To the fixers, the keepers, the Dads… #humor #Father’sDay

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Although it starts with a piece I wrote years ago (you can tell by the reference to our VCR), this actually IS a Father’s Day post. Promise.


My toaster took early retirement this week. This toaster had never really been happy in its work. In fact, it was a Toaster With An Attitude.

He was temperamental. He was unreliable. He was Toaster-With-An-Attitude.

In some places, making toast is a private matter. In my house, it’s a family affair:

STEP 1:

  • Toastmaker: Mama, we’re all out of bread.
  • ME: I just bought some.
  • Toastmaker: I can’t find it.
  • ME: Try the kitchen. In that big box on the counter with those huge  B-R-E-A-D letters across the front.
  • Toastmaker: Well, if you’re going to hide it…

STEP 2:

  • I also confess to having secreted the butter and jam in the refrigerator. My deviousness knows no bounds.

STEP 3:

  • Toastmaker puts bread into the toaster, which promptly regurgitates it.

STEP 4:

  • Toastmaker attempts to push the bread down again, causing the toaster to emit a scream that sounds like a mortally-wounded water buffalo. If Toastmaker persists, the scream escalates until it sounds like the beginning of a nuclear event or a Republican accused of supporting national healthcare.

STEP 5:

  • Toastmaster tries a diversionary tactic. “Will you look at the jug on that coffee-maker? What a build!” While the toaster is distracted, Toastmaker pushes the bread down again. The toaster, which has just been lulling Toastmaker into a false sense of security—toaster jokes are like that—promptly incinerates the bread.

STEP 6:

  • In its death-throes, the carbonized bread sets off the smoke alarm. Our smoke alarm, a household safety feature which also has two settings (Hair-Trigger-Response-To-Using-Any-Kitchen-Appliance, and Barb-Took-Out-Those-Batteries-Again-Thank-God) is louder than the toaster or even louder than those Republicans.

STEP 7:

  • The smoke alarm wakes up the baby, causing her to whimper. This brings all three of her siblings to her side, screaming helpfully, “The baby woke up.”

STEP 8:

  • The kids’ yelling wakes up our dog. Tasha (Motto: “I bark for hallucinations”) reacts. Millions of generations of selective breeding have not eliminated the instincts of her wolf ancestors. Although inaudible to human ears, her keen wolf-hearing receives a high-frequency message from the smoke alarm: “Bark hysterically, for soon the pack will feast on carbonized toast carcasses. But first, let’s piddle.”

STEP 9:

  • Toastmaker unplugs toaster, dumps it in the sink and takes the dog outside. By the time the dog remembers why she wanted to go outside, Toastmaker has decided it would be easier to eat crackers.

STEP 10:

  • Toastmaker: Mama, we’re all out of crackers.

So why, you may ask, do we still own the toaster? For the same reason that we are the proud possessors of the geriatric garage-door-opener (which is still perfectly good as long as you lift up on the door while you push the button). Or the VCR (which has its case removed but is still perfectly good as long as you insert the tape with both hands while while you hold down the Insert-button with your chin and push the Play-button with your knee).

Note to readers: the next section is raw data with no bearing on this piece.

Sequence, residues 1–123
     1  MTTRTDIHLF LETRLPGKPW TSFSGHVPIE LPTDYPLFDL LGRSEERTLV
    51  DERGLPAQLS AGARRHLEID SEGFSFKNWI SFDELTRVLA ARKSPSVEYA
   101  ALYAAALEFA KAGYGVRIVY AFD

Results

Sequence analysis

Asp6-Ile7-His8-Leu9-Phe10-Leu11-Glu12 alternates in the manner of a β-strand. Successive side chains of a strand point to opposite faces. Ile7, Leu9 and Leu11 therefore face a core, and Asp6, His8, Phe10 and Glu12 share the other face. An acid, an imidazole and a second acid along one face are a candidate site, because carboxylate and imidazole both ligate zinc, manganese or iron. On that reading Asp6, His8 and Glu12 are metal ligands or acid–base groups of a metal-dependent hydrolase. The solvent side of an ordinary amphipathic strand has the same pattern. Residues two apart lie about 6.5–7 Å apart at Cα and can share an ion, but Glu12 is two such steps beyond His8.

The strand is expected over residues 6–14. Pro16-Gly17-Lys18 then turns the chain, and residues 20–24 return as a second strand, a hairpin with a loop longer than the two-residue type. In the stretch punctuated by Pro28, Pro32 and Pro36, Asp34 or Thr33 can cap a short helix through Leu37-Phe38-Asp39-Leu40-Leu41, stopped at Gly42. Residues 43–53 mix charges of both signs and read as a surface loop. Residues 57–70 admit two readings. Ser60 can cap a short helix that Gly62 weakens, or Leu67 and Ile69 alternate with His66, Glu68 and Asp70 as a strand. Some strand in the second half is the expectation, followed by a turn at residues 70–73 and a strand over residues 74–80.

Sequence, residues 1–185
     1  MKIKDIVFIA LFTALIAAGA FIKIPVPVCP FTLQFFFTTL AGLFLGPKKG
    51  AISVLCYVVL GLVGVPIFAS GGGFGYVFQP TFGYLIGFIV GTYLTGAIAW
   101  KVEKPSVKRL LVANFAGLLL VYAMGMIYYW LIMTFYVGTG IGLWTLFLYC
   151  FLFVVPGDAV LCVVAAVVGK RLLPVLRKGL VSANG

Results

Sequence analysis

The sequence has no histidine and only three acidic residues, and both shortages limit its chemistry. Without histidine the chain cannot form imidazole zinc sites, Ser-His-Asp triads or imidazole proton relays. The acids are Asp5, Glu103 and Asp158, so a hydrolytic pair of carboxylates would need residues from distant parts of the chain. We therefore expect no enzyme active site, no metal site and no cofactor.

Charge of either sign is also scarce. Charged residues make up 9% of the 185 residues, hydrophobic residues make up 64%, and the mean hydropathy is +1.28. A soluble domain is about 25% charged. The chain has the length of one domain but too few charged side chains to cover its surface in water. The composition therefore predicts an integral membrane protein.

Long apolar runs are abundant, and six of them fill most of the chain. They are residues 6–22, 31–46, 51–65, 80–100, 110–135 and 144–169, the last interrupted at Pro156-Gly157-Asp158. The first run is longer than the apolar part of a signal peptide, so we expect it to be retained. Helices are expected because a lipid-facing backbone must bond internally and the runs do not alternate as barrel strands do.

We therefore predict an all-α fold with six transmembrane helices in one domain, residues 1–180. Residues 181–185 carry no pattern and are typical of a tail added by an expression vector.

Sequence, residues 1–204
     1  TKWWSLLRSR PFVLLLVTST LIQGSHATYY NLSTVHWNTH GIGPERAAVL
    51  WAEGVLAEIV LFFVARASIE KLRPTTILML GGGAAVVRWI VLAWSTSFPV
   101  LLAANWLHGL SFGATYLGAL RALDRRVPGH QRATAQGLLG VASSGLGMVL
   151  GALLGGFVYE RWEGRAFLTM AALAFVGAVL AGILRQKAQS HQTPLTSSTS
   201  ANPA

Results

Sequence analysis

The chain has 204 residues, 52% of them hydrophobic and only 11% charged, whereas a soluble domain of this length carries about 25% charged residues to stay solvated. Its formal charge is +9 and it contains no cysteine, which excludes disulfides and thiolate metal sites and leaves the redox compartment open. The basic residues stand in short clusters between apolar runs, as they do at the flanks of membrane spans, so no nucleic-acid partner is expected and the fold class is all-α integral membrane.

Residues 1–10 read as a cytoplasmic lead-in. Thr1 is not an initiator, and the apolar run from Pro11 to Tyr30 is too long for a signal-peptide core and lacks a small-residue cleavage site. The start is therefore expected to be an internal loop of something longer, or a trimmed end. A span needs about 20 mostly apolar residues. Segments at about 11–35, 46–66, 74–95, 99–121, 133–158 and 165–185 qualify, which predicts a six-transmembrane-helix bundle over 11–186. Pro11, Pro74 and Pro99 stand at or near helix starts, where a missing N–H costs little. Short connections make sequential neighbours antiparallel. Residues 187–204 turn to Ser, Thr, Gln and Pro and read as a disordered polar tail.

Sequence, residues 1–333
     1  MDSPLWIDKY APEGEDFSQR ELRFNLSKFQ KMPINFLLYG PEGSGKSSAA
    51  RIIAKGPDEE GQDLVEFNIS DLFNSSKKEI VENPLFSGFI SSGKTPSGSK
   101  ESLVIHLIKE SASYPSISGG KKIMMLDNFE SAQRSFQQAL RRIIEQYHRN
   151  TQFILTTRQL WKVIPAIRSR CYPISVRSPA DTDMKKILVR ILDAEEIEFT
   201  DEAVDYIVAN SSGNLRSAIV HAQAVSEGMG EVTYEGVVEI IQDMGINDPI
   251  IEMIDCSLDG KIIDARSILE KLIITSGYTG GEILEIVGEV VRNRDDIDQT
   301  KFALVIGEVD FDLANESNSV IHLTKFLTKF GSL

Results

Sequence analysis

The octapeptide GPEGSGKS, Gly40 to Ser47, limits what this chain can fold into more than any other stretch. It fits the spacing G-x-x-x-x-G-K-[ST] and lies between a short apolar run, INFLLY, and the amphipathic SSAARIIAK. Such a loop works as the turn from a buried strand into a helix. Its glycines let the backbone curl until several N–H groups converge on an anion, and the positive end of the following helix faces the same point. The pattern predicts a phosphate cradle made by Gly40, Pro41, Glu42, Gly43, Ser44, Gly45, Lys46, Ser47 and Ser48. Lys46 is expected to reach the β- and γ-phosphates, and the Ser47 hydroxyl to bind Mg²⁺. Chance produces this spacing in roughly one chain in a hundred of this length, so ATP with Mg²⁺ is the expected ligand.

The answer is that I grew up in a family where the 11th Commandment was, “Thou shalt not replace appliances until thy Daddy has repaired them at least three times. And even then thou shalt keep the carcasses in the garage to serve as organ donors for new appliances until moving houses shall deliver them unto the dump.”

I had friends who couldn’t recognize my father from the waist up, because all they ever saw were his legs sticking out from under the car or the washing machine. To the end of his days, my father mourned the loss of each “perfectly good” appliance and vehicle which was eventually replaced only when my mother threatened to leave. Without the ten kids…

Once, my aunt asked him to contribute to the family history she was compiling. His response was a list, by child, of the “perfectly good” cars/boats/appliances we had cost him. To read his recollections, you would never guess his kids had all graduated from college and gone on to become contributing members of society. (OK, one of us is a lawyer. But she really had no choice: her undergraduate degree was in sociology.)

I used to think the President should appoint my father as Secretary of Defense. As Secretary, he would make sure the nation got the most use possible out of each piece of military hardware even if he had to put that malfunctioning nuclear warhead or space station out in his garage and fix it himself from his stockpile of spare washing machine and Ford parts. There would be no $100K coffeemaker purchases, because he could fix the ones the military already owns using the shelf of Mr. Coffee corpses in the garage.

Congressional approval would be assured because my parents never hired undocumented immigrants (their strategy was to give birth to household help), never declared bankruptcy or invested in Whitewater Development Company, and never had affairs with interns, beauty queens, or foreign agents (again…TEN kids. No time.)

That’s why, when we gave my husband a new toaster for Father’s Day, I couldn’t just throw away the retiree. I brought it down to the basement to the Taub Home for Chronologically Gifted Terminally Inconvenienced Appliances. After all, just because it can’t toast bread doesn’t mean it isn’t a perfectly good toaster.

How most people remember my father…

Happy Fathers Day to the fixers and the keepers.